How many ITIL projects fail? Well it is a tough one to answer, because first of all you need to define what success means. My gut feel is that as many ITIL projects proceed their effective scope is reduced, but they are still declared a success at the end. In fact I suspect that in the great majority of cases what begins as a project focused on cultural change becomes yet another software tool implementation. Part of my argument against ITIL projects is that the IT project management mentality encourages that shift of emphasis.

Personally I was very skeptical of claims emanating from some organisations that they had implemented ITIL v3 within months of publication.

Another issue in judging success is that the delivery of ITSM is, by its very nature, a long term activity. You can not measure the success of an ITIL project the day it goes live, you need to judge it over a number of business cycles. Do that and you find something interesting: In the UK where ITIL has been around a long time some organisations are on their third of fourth ITIL project.

So my first question is this: Does the fact that some ITIL projects are successful mean that ITIL projects are consistently successful?

My second question is: Why are some ITIL projects more successful than others?

My third is: Are they successful because they are projects, or despite being projects?

Thursday, 9 April 2009

The bigger truth is found in small thingsPt 1

Have you ever made a judgment about a major organistion based on a single interaction ? Thought so, and I bet it wasn't positive.

The truth is we make meta judgments based on micro experiences.

How do I judge an entire hotel chain?

On what my experience was the last time I registered, when the girl on the desk asked me if I'd ever stayed with the chain before when I'd only checked out 36 hours earlier.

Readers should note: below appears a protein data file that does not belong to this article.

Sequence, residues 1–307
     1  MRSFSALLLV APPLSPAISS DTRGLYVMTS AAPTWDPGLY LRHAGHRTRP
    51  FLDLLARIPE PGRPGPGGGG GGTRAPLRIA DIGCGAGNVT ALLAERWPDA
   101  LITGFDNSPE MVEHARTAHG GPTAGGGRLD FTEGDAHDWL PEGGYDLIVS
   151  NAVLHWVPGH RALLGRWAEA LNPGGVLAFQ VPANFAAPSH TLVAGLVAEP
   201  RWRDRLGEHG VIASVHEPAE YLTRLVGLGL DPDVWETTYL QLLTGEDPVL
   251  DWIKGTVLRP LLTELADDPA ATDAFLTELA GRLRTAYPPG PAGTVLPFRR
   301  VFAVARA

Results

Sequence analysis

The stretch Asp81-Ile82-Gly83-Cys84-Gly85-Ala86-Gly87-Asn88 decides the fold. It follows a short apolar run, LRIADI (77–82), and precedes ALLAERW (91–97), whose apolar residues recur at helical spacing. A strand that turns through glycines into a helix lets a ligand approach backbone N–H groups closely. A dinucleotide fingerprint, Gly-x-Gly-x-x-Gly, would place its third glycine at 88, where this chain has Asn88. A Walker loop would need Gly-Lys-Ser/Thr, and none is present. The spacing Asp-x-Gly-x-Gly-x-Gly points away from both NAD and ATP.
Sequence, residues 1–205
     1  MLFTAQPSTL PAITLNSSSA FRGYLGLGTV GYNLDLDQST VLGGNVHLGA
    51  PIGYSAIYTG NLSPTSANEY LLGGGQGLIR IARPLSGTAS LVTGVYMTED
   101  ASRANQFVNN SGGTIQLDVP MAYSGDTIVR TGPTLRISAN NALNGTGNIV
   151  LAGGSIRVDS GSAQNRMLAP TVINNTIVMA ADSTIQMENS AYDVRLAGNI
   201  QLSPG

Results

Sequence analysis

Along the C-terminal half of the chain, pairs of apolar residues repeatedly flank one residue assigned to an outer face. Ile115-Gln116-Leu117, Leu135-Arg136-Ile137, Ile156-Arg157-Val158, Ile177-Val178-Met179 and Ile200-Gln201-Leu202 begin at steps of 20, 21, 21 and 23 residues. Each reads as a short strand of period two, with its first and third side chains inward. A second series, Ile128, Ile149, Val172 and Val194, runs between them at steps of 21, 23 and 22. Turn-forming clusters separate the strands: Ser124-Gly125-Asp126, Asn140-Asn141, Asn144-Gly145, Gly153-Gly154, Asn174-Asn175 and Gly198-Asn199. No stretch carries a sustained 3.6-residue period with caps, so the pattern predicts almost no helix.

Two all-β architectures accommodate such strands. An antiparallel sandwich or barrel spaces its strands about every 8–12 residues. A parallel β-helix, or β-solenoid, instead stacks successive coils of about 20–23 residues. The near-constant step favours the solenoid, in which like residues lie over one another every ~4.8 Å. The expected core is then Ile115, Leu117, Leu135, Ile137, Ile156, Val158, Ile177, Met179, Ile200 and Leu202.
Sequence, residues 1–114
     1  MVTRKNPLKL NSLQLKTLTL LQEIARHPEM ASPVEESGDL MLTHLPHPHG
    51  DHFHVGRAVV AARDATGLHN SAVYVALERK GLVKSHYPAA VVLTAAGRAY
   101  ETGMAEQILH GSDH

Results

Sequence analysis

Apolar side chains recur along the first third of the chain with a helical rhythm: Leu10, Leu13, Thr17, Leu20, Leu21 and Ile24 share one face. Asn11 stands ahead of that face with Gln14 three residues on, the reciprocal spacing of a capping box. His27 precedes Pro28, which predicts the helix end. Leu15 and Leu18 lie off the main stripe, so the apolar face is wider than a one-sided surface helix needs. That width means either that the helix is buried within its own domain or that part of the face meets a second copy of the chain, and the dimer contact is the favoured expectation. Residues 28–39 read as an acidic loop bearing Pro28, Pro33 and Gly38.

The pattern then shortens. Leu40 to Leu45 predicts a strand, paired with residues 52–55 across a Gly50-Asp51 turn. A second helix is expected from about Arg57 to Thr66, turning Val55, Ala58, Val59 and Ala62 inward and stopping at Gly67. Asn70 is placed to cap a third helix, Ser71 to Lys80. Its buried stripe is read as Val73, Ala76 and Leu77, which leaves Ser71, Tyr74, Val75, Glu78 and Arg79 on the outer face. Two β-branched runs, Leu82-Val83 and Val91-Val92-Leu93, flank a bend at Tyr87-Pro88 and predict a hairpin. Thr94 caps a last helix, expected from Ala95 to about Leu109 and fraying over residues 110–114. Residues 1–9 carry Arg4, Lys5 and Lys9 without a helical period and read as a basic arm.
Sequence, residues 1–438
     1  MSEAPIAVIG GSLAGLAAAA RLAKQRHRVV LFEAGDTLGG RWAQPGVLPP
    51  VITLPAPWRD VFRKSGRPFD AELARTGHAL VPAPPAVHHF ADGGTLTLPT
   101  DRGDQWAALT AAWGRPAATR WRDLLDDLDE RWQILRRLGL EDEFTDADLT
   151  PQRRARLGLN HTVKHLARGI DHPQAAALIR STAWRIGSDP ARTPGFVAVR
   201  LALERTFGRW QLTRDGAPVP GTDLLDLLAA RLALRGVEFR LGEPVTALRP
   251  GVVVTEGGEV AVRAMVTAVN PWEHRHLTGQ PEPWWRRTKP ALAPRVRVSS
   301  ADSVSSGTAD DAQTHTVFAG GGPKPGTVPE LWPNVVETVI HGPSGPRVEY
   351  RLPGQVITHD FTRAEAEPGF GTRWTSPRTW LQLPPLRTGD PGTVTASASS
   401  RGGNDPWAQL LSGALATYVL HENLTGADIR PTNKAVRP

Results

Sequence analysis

You ring the service desk, get an off hand message and conclude IT don't care about the business.

Get the small things right in IT and there is a chance you will get the big things right.

Get the small things wrong and you might as well go home.

Tuesday, 7 April 2009

Projects v BAU

One of my pet peeves is the view that the best, if not only, way to implement ITSM/ ITIL is as a project. My experience is that many ITIL implementations work despite being treated as projects.

I'll blog more about this later, but at the moment I'm engaged in a debate on the subject with the ITskeptic.

Wednesday, 1 April 2009

ITIL ROI Part 2 Investment

The easy bit of ROI to understand is investment. Well sort of. Investment is often not about "do I X or do I do nothing", but about" do I X or do I do Y , or do I do nothing."

Investment in an ITSM project, or which more later, is often a mix of funds already allocated and new funds. Take internal staff costs for example. You are paying people's salary whether they are doing their day job or working on an ITIL project. Only very rarely have I come across an IT department that employs additional contractors to backfill for people engaged on the ITIL project.

That, of course, tells us somethign about how well utilsed some of those people are if they can be seconded to a longterm project with no need for resources to replace them.

So what are the costs of doing ITSM?

Process design
Project Management overhead

The cost of the new processes put in place
Additionnal staff

Reduce any of these without impacting the benefit and we've improved ROI

Saturday, 28 March 2009